For the airlines, engine maintenance and repair/replacement costs were a huge drain on their resources. The vendors were selling a product with a long life cycle – which meant long intervals between sales.
In this context, Rolls Royce introduced the “power-by-hour” model. It was an “Engine as a Service” model, where the airlines would pay an hourly subscription for the flight time. In exchange, Rolls Royce would handle all aspects of maintenance and repairs.
The airlines were now free to focus on their core business of carrying passengers and cargo, while Rolls Royce unlocked a new recurring revenue stream. They also benefited greatly in future R&D from the additional experience and knowledge gained from regular engine maintenance and follow-ups.
The Impact of IoT and Industry 4.0 on the spread of the EaaS model
A revolutionary aspect of the power-by-hour model was the guarantee of productivity. However, there is a reason why this business model didn’t catch on much earlier. You see, airplane engines are a specific case study: it is fairly easy for an OEM and the airlines to track flight hours and achieve preset targets. In an industrial facility with complex production chains, this was not possible.
You simply did not have the 360-degree visibility over the production process to capture relevant performance data. This meant that buying any expensive new equipment represented a gamble to some extent – there was always a risk of it failing to deliver the expected results.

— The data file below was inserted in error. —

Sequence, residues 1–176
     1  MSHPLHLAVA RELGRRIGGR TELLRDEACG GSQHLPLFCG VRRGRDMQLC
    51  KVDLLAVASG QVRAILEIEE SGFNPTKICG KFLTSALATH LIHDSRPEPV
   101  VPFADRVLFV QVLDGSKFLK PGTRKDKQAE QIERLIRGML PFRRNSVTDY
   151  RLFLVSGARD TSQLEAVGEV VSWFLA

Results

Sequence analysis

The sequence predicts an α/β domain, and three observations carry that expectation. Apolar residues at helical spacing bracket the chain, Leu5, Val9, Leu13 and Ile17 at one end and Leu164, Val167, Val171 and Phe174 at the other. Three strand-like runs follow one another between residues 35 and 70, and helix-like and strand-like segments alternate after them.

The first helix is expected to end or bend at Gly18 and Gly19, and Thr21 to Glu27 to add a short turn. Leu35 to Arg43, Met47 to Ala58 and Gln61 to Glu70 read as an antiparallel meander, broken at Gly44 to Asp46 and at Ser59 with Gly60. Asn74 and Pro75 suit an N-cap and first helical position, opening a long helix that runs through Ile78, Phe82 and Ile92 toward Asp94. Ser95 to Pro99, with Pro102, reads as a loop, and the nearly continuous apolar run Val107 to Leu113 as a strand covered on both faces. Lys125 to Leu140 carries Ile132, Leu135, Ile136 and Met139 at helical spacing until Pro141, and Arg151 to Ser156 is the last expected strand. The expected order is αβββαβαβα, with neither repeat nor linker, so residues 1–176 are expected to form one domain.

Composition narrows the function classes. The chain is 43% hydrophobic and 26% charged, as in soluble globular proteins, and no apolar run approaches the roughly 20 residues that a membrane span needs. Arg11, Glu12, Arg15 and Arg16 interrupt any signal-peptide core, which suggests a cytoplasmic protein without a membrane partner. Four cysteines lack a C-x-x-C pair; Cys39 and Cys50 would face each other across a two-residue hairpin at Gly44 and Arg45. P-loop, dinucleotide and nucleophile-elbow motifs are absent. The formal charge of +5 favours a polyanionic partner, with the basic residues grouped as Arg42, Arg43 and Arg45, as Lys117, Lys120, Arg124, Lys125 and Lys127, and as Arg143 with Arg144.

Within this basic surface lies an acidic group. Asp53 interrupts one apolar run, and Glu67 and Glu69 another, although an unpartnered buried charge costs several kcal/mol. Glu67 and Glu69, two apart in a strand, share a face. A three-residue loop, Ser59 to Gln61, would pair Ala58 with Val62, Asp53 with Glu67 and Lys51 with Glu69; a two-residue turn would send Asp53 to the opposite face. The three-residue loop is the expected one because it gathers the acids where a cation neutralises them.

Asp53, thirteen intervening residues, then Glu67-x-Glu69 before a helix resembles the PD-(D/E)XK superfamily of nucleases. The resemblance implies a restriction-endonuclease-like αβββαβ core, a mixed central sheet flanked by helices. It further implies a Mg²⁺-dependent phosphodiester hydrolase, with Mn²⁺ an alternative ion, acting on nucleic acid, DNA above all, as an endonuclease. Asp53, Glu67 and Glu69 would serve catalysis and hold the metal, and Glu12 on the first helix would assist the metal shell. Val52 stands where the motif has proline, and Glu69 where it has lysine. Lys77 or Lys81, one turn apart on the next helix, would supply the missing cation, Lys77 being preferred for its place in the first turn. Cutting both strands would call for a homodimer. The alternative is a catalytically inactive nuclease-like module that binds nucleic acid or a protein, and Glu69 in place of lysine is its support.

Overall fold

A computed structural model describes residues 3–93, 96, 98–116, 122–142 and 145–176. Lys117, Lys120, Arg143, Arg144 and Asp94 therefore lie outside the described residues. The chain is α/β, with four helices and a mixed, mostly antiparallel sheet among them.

This changes with the rise of the Internet of Things and Industry 4.0. Firms now have ways to accurately capture a multitude of Key Performance Indicators. Using internet connectivity, smart sensors, and IIoT in general, combined with a modern Computerized Maintenance Management System (CMMS), manufacturers and OEMs can both keep track of equipment efficiency and productivity – in real-time.
This development has drastically improved the viability of EaaS in the industrial space. It equips OEMs with the confidence to include productivity parameters into service contracts. The data also reduces the element of risk involved, making it easier for CFOs to make a case for switching to EaaS.
Pros and cons of the Equipment as a Service model
In the airline industry, the adoption of power-by-hour was a mutually beneficial arrangement for both OEMs and their clients. The same continues to be the case in modern iterations of EaaS, but it is not all smooth sailing.
Switching to the new model does come with some not-insignificant challenges for OEMs and buyers alike.
Pros of EaaS for OEMs
- Continuous revenue streams: The subscription model is widely recognized for its ability to generate a constant cash flow for businesses. It has the potential to provide increased financial stability to OEMs.
- Diversification and access to new customers: Not all manufacturing firms have the CapEx outlay to buy equipment outright. Using an EaaS model improves accessibility and can bring new customers to the OEMs.
- Improved customer loyalty: A continuous service model can create long-lasting business relationships. Service providers with quality customer service should have no trouble retaining existing clients.
- More data to improve the product: By performing regular servicing and tracking usage, condition and performance metrics, OEMs gain access to a lot of data that can be analyzed and used to improve the design of their future products.
Cons of EaaS for OEMs